Annals of Medicine Research and Public Health (ISSN: 2995-5955) | Volume 3, Issue 1 | Case Report | Open Access

Utilization of Cannabis for Chronic Pain Disorders: National Inpatient Sample (NIS) Database Analysis

Supriya D. Mahajan*

Neel Patel1, Neil U. Parikh2, Ravi kumar Aalinkeel2, Tracey A. Ignatowski3, and Supriya D. Mahajan2*

1Icahn School of Medicine at Mount Sinai, USA

2Department of Medicine, Division of Allergy, Immunology & Rheumatology, SUNY University at Buffalo, USA

3Department of Pathology and Anatomical Sciences, SUNY University at Buffalo, School of Medicine & Biomedical Sciences, USA

*Correspondence to: Supriya D. Mahajan 

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Background: Over the last decade, cannabis (marijuana) use has increased for a various medical condition. However, there is very little data on marijuana use for chronic pain disorders and associated predictors of its use.

Aim: To evaluate national trends of marijuana utilization for various pain disorders and epidemiological characteristics. Method: We queried sample using ICD 9 CM code from a National Inpatient Dataset (NIS) from 2008 to 2014. We included patients with ICD-9 codes 304.30-304.32, which were defined as CBD Use-related Disorder (CUD), and those with ICD-9 codes 305.20-305.22, defined as a Non-CUD group. All comparisons were performed between the CUD vs. Non-CUD groups. Categorical variables and continuous variables were assessed by the Rao Scott χ2 test and Wilcoxon rank-sum, respectively.

Result: Out of 17,675,000 CUD patients, the most common use was to treat back pain disorders (84.8%), followed by chronic pain syndrome (10.09%), neoplasm pain (3.25%), and post-operative pain (0.28%). The utilization was more prevalent among the males than females (61.8% vs. 38.2%; p<0.001). The median Length of Stay (LOS) for the CUD patients was higher compared to the MNU patients (3.19 days vs. 2.83 days; p<0.001). Compared to Non-CUD, CUD had lower odds of CHF (OR: 0.84, CI: 0.79 - 0.89; p<0.001) and depression (OR: 0.95, CI: 0.92-0.98, P=0.001) and higher odds of alcohol abuse (OR: 1.42, CI:1.38-1.47; P<0.001) and anxiety disorder (OR:1.11, CI:1.07-1.14; P<0.001).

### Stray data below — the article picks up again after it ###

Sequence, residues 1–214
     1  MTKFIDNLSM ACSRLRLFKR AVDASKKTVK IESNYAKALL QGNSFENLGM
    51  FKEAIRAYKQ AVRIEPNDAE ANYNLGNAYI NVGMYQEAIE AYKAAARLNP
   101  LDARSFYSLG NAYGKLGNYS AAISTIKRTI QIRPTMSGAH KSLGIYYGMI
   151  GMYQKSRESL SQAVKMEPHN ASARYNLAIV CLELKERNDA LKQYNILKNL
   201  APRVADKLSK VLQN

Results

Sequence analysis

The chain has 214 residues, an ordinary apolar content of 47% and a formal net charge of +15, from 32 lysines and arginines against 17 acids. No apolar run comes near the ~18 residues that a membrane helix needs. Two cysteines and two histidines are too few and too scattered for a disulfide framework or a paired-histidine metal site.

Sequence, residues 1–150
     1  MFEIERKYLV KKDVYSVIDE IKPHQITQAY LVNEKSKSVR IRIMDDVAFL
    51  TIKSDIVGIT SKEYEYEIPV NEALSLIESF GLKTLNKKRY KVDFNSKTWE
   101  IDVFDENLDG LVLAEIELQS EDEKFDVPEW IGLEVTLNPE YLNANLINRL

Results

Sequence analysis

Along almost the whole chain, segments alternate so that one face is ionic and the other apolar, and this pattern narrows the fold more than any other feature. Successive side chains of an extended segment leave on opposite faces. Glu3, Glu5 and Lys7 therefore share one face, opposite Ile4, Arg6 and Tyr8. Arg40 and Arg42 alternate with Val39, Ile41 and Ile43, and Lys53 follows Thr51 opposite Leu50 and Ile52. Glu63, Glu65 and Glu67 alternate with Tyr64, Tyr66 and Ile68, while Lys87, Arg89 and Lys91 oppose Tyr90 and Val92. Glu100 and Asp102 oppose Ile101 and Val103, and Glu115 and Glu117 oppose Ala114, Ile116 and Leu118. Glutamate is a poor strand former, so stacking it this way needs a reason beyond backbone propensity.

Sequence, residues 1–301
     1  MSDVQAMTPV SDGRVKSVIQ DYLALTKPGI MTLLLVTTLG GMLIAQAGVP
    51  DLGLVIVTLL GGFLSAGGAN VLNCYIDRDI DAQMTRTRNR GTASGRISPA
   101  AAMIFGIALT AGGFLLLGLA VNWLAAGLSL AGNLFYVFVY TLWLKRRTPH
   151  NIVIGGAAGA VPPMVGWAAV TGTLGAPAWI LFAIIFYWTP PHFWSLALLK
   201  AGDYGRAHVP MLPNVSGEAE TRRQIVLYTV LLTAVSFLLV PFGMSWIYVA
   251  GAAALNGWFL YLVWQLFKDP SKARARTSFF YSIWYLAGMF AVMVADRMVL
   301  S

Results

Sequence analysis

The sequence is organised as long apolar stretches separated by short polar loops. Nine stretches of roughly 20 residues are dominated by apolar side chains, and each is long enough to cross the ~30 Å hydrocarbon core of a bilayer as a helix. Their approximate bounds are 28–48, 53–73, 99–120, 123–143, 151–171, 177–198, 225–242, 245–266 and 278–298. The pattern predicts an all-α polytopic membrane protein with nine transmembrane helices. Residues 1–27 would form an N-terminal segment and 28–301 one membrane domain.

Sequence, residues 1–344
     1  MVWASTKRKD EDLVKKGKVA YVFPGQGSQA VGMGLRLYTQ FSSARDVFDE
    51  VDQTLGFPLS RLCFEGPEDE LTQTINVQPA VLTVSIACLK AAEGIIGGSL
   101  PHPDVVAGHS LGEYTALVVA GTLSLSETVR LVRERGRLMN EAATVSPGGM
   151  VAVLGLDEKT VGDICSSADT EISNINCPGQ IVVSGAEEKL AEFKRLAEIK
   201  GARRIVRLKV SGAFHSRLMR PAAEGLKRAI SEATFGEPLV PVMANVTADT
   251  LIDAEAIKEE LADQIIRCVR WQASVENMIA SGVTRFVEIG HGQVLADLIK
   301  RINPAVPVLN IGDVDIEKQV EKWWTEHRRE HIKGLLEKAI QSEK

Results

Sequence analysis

Conclusion: Our analysis revealed a substantial prevalence of marijuana use among patients with chronic pain disorders. Back pain emerges as the predominant indication for CBD usage, with the 41-60 age group being the most prevalent demographic. While CUD patients exhibit a longer hospital stay and varied outcomes for certain medical conditions, including both positive and negative associations, our study underscores the urgent need for more extensive and standardized research.


THC: Delta-9-tetrahydrocannabinol; CBD: Cannabidiol; Cannabis (Marijuana); Chronic pain disorder; NIS: National (Nationwide) Inpatient Sample database


Neel Patel, Neil U. Parikh, Ravi kumar Aalinkeel, Tracey A. Ignatowski, Supriya D. Mahajan. Utilization of Cannabis for Chronic Pain Disorders: National Inpatient Sample (NIS) Database Analysis. Ann Med Res Pub Health. 2024;3(1):1-13.